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Football Photography

How to Photograph Football


Football Photography
© Liz Masoner, licensed to About.com, Inc.
Many parents and fans have tried their hand at football photography. Unfortunately, most of these images will turn out too dark, too small, or too blurry. Football photography is notorious for turning out badly. However, with these tips you'll learn how to photograph football so that your football photography will turn out much better.

As most games are played either just as the sun sets or at night, light is a major concern with football photography. The distance spectators sit from the action also limits photography. As such, football game photography has traditionally been the domain of professionals with very expensive lenses that need very little light.

However, there are some simple ways to get the best football shot you can with the equipment you have.
  • Get as close to the action as safely possible
    Don't sit on the top row of the stands. Stand at the railing, or if possible, go to the sidelines. This will enlarge the players in your images and also make it easier for your camera to gather enough light for the image.

  • Know Your Flash
    A built-in flash on most cameras is useless past about 10 feet. If you do not have an add-on flash that is strong enough for distant shots, turn it off. Leaving an ineffective flash active only confuses your camera and leads to even darker (more underexposed) shots.

  • Meter Off of the Darkest Uniform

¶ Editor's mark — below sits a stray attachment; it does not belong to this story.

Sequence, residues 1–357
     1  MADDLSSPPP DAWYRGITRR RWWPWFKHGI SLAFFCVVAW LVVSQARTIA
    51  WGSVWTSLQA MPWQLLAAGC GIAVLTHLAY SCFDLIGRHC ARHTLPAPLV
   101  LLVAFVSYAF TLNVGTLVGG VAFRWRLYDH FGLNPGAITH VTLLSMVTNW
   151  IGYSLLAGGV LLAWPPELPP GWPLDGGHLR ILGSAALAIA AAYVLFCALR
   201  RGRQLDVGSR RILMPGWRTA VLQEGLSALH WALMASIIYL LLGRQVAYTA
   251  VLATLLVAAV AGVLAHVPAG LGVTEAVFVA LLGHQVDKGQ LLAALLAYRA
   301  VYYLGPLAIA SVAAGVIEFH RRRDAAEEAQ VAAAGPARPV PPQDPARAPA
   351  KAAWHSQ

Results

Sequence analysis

When your camera focuses on a subject, it will "read," or "meter," the light. When you focus on a player, be sure to chose the darkest part of his uniform. This will convince the camera to allow in a bit more light for the image.

  • Use High Speed Film If you use a film camera, load it with 1600 ISO film or better. If you use digital, change the sensitivity to 1600 ISO or better. If your camera does not allow you to set the sensitivity of your sensor, turn your camera to the action setting. This will tell the camera to use the fastest sensitivity it has. This will help you achieve a higher shutter speed and reduce some of the blurriness in your images. However, when working with high film/sensor speeds, be prepared for some grain/noise in your images. Films and sensors are getting better all the time but currently most still have significant noise/grain at very high speeds.

  • Anticipate the Action
    Knowing what will happen next will make it much easier to compose your images. While you can't predict the future, you can make educated guesses as to where the player with the ball will go. If you know that a team is getting ready to try for the extra point kick, you can position yourself accordingly to get the shot.

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